Too often, M&A involves a larger entity acquiring a smaller business. Only a few believe that a merger of equal can be possible, especially considering the power struggle between the two companies. However, a merger of equals can be a powerful strategy that could unlock tremendous value and opportunities for growth if done right. This article explores the path to successful equal mergers featuring Scott Crofton, Partner at Sullivan & Cromwell LLP.
“Mergers of Equals must be mutual to be successful. What you’re giving is what you’re getting, and you’re basically both the buyer and the seller in the deal.” – Scott Crofton
According to Scott, most of the biggest companies in the world today have been created by the merger of equals in the past. It is a very transformative deal that gives the opportunity to merge two entities that could never buy each other into one powerful competitor. However, both companies must be completely aligned for a merger to work. No one should take control of the newly-formed company, and is typically structured as a stock-for-stock deal.
It all starts with the CEOs and Boards of Directors of both companies. Before further talks progress, they must agree and determine who will run the combined entity. In some deals, they also decide who will run the other departments early. It’s either they pick one from the two companies or have people interview for the same roles. Regardless, it has to be mutually agreed upon.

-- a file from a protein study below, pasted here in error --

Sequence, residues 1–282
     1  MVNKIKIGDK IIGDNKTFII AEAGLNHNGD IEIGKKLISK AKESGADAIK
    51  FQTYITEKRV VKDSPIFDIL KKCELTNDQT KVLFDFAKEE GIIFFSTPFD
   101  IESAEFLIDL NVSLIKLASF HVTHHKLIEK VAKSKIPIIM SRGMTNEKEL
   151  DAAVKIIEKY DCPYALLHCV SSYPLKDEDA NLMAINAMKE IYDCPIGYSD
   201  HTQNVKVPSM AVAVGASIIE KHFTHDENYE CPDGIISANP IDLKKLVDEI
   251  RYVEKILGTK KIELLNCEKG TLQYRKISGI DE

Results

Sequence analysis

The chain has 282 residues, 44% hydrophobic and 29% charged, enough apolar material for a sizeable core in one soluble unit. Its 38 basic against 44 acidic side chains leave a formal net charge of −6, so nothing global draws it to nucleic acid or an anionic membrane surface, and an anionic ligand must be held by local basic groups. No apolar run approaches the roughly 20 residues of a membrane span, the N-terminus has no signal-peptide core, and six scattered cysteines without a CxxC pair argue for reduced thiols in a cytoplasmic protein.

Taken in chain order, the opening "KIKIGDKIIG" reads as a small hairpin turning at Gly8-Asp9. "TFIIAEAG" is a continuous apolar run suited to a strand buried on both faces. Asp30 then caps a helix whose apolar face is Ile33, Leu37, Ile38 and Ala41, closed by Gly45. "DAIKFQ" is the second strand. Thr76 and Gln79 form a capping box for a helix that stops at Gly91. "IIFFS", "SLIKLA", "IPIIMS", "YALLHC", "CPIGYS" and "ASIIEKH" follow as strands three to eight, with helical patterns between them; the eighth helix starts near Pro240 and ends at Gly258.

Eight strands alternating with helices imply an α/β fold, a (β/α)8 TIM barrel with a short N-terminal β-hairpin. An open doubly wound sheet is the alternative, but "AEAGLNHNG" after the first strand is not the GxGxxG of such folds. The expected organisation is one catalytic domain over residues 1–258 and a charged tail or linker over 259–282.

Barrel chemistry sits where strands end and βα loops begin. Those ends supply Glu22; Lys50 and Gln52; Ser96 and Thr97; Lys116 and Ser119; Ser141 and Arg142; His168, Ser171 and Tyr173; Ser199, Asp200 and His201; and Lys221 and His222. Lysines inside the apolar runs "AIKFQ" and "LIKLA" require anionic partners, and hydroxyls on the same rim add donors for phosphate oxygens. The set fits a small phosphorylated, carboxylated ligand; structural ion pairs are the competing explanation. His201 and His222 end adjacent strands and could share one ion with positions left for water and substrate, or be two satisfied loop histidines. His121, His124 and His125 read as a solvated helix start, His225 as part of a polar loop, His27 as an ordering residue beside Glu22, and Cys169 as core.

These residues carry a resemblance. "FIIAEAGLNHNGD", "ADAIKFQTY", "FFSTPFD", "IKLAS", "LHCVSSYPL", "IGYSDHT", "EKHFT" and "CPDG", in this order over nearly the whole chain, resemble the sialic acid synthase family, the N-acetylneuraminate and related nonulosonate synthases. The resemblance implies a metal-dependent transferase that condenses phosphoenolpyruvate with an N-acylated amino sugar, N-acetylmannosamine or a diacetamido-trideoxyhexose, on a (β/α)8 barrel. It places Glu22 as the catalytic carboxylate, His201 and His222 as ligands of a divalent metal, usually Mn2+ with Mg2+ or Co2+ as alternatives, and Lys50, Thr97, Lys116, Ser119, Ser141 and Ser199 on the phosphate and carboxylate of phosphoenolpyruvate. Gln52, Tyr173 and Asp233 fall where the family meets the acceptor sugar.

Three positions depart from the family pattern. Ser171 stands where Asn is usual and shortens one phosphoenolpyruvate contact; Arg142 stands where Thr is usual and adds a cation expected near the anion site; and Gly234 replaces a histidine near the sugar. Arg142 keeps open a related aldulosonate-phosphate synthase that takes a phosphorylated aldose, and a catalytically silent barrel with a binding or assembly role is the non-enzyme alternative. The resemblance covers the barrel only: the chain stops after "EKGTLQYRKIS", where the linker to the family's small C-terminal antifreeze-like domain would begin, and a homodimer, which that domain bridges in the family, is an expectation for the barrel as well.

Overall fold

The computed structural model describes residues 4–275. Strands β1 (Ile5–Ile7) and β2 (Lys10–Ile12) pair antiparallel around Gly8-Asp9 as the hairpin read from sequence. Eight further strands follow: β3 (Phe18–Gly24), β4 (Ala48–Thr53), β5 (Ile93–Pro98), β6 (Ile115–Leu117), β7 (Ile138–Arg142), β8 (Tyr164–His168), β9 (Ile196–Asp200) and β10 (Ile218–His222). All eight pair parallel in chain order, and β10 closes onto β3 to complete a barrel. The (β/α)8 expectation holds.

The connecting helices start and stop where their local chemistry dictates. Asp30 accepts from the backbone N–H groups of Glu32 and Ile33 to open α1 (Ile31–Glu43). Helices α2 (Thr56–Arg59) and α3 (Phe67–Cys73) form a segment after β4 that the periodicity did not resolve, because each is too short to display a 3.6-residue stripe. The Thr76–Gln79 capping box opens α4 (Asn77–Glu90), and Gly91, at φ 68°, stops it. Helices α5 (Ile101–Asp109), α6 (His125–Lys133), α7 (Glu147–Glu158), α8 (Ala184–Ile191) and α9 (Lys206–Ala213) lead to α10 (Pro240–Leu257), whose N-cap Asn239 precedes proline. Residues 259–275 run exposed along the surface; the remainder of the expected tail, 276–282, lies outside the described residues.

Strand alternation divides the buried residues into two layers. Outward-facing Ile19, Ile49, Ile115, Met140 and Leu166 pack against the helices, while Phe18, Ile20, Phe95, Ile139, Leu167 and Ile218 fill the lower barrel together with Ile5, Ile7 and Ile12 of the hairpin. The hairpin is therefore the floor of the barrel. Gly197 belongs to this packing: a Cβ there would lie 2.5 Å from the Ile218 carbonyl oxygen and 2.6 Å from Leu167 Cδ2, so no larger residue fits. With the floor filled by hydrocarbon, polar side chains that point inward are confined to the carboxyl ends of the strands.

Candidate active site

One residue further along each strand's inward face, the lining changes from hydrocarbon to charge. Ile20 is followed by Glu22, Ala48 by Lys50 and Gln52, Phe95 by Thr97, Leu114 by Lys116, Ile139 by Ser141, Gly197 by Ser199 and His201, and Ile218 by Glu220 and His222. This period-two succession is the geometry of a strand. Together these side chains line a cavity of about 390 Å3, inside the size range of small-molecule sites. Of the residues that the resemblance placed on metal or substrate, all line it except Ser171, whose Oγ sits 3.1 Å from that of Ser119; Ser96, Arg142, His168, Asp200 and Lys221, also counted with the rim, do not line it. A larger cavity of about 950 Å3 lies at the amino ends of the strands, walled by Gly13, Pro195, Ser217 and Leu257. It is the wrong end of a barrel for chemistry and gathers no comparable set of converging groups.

The LOI can be informal since both parties have already agreed to the deal at this point. Usually, a term sheet is used outlining the key social issues such as the headquarters location, the name of the combined company, how to allocate subcommittee positions, and other key aspects.
Diligence is a lot simpler in a merger of equals. Since the deal is much bigger than any other deal they’ve done, the materiality threshold of red flags is much higher than it would be in any other circumstance. In short, the diligence is very targeted and focused on big-picture issues.
Also, parties understand that whatever they request from the other, they will have to provide the same in return. This helps both entities focus on requesting information that truly matters and is relatively easy to produce, making the diligence process more orderly.
Because no cash is involved in the process, both entities must develop a compelling story of why the merger is for the greater good. Upon the announcement, the combined entity must convince all stakeholders that the transaction will create additional value and is in the best interest of everyone.
Like any other deal, culture clash is one of the biggest risks during integration. If the cultures are so different from one another, employees might leave and disrupt the business. The leaders must ensure that the two companies can create a combined common culture that works for everyone.
Furthermore, announcing a merger of equals puts the companies involved at risk of getting hostile bidders. These are potential acquirers that are offering a significant cash premium to acquire the target company. Because of fiduciary duties, it can stop the merger altogether.
This situation can pressure the management and board to justify the merger of equals and convince stockholders that the long-term value created by the merger is greater than the immediate premium offered by an acquirer.